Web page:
Great Scotland Yard
Great Scotland Yard, at the junction with Scotland Place
|Location||St. James's, Westminster, London, England|
Great Scotland Yard is a street in the St. James's district of Westminster, London, connecting Northumberland Avenue and Whitehall. It is best known as the location of the rear entrance to the original headquarters of the Metropolitan Police Service of London.
Although the etymology is not known for sure, according to a 1964 article in The New York Times, the name derives from buildings in the area being used to accommodate the diplomatic representatives of the then Kingdom of Scotland and occasionally Scottish kings when they visited English royalty. By the 17th century the street had become a site of government buildings and residences for civil servants. The architects Inigo Jones and Christopher Wren once lived there. From 1649–1651, the poet John Milton lived there during the Commonwealth of England under Oliver Cromwell's rule.
According to the London Metropolitan Police Service (MPS), the original Metropolitan Police Commissioner's office was located at 4 Whitehall Place, with a rear entrance on Great Scotland Yard. An 1862 map of Westminster shows this location. Over time, the name Scotland Yard came to be used generally as a metonym for the police headquarters.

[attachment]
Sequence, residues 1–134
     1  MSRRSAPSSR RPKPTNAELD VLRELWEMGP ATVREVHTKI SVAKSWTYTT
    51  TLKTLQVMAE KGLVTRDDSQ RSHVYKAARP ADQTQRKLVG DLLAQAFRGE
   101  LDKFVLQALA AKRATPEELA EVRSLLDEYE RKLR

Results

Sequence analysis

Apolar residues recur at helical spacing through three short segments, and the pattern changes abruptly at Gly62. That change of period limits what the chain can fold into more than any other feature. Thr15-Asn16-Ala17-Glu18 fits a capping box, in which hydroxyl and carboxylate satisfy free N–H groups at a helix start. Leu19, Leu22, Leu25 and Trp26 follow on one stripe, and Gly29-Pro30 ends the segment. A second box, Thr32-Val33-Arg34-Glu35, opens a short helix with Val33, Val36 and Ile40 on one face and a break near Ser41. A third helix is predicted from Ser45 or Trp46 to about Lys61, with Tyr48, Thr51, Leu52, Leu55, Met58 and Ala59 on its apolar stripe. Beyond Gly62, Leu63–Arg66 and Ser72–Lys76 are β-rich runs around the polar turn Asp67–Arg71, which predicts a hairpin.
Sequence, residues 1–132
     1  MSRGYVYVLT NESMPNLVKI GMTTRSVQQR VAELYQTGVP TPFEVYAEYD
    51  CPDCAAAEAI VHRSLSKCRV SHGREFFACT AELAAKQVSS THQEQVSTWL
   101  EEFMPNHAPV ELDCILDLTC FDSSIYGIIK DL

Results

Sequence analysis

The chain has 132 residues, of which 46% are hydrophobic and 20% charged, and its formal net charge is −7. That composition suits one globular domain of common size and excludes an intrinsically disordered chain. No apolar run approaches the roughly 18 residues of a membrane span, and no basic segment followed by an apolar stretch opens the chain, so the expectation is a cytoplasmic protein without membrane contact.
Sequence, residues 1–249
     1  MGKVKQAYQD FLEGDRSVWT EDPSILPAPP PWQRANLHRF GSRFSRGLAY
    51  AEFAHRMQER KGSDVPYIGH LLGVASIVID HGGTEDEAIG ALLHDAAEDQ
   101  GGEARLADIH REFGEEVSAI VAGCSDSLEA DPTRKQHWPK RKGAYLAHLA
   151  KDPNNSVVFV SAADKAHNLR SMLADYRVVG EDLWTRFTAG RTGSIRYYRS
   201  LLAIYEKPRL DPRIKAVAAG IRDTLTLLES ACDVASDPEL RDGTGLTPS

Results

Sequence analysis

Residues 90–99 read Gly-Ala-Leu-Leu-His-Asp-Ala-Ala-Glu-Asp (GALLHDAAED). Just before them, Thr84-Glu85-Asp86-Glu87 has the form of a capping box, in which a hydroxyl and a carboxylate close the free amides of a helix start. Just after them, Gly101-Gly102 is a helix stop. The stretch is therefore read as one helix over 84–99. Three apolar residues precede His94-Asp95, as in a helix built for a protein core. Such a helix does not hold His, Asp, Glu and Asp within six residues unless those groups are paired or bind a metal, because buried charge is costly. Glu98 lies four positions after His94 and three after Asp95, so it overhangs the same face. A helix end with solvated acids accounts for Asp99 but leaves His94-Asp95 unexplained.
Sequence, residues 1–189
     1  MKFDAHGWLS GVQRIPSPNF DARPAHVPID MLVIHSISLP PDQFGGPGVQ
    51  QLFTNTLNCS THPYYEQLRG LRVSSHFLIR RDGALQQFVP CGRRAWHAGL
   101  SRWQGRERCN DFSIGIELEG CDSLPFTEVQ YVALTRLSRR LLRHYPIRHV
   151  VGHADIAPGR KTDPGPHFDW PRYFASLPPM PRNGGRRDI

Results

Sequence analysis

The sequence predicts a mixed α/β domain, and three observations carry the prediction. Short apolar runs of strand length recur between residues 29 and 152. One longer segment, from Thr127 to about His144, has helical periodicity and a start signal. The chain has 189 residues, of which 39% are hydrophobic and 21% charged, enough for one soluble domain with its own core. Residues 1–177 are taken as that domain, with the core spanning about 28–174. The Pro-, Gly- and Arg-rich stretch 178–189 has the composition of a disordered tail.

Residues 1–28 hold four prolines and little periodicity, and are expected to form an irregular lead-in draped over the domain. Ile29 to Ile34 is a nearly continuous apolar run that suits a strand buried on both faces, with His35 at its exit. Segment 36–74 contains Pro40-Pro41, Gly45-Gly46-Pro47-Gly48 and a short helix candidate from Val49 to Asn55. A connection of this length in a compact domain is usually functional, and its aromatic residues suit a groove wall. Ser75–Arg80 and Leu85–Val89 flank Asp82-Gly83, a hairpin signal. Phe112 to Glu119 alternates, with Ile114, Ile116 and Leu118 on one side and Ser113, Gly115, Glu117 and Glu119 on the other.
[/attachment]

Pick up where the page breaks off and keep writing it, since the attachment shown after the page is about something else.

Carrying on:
A 1799 map of Westminster shows two other streets (no longer existing) named Scotland Yard. Middle Scotland Yard was located to the south of, and parallel to Whitehall Place. Lower Scotland Yard was the next street to the south.
The Clarence pub dates from 1896 and was named after the Duke of Clarence. At that time it was attached to the opposite corner across Great Scotland Yard by an archway. In 1908 the archway was removed in the redevelopment of Great Scotland Yard, the end of the building was refaced with newer and slightly different coloured bricks.
- Farnsworth, Clyde H. "Move is planned by Scotland Yard," The New York Times, May 15, 1964.
- STANFORD - LONDON AND ITS SUBURBS 1862, MOTCO image database accessed 21 December 2010
- "Great Scotland Yard", Metropolitan Police Service, accessed 24 July 2010.
- Richard Horwood's 1799 map of London, MOTCO image database accessed 21 December 2010
Media related to Great Scotland Yard at Wikimedia Commons
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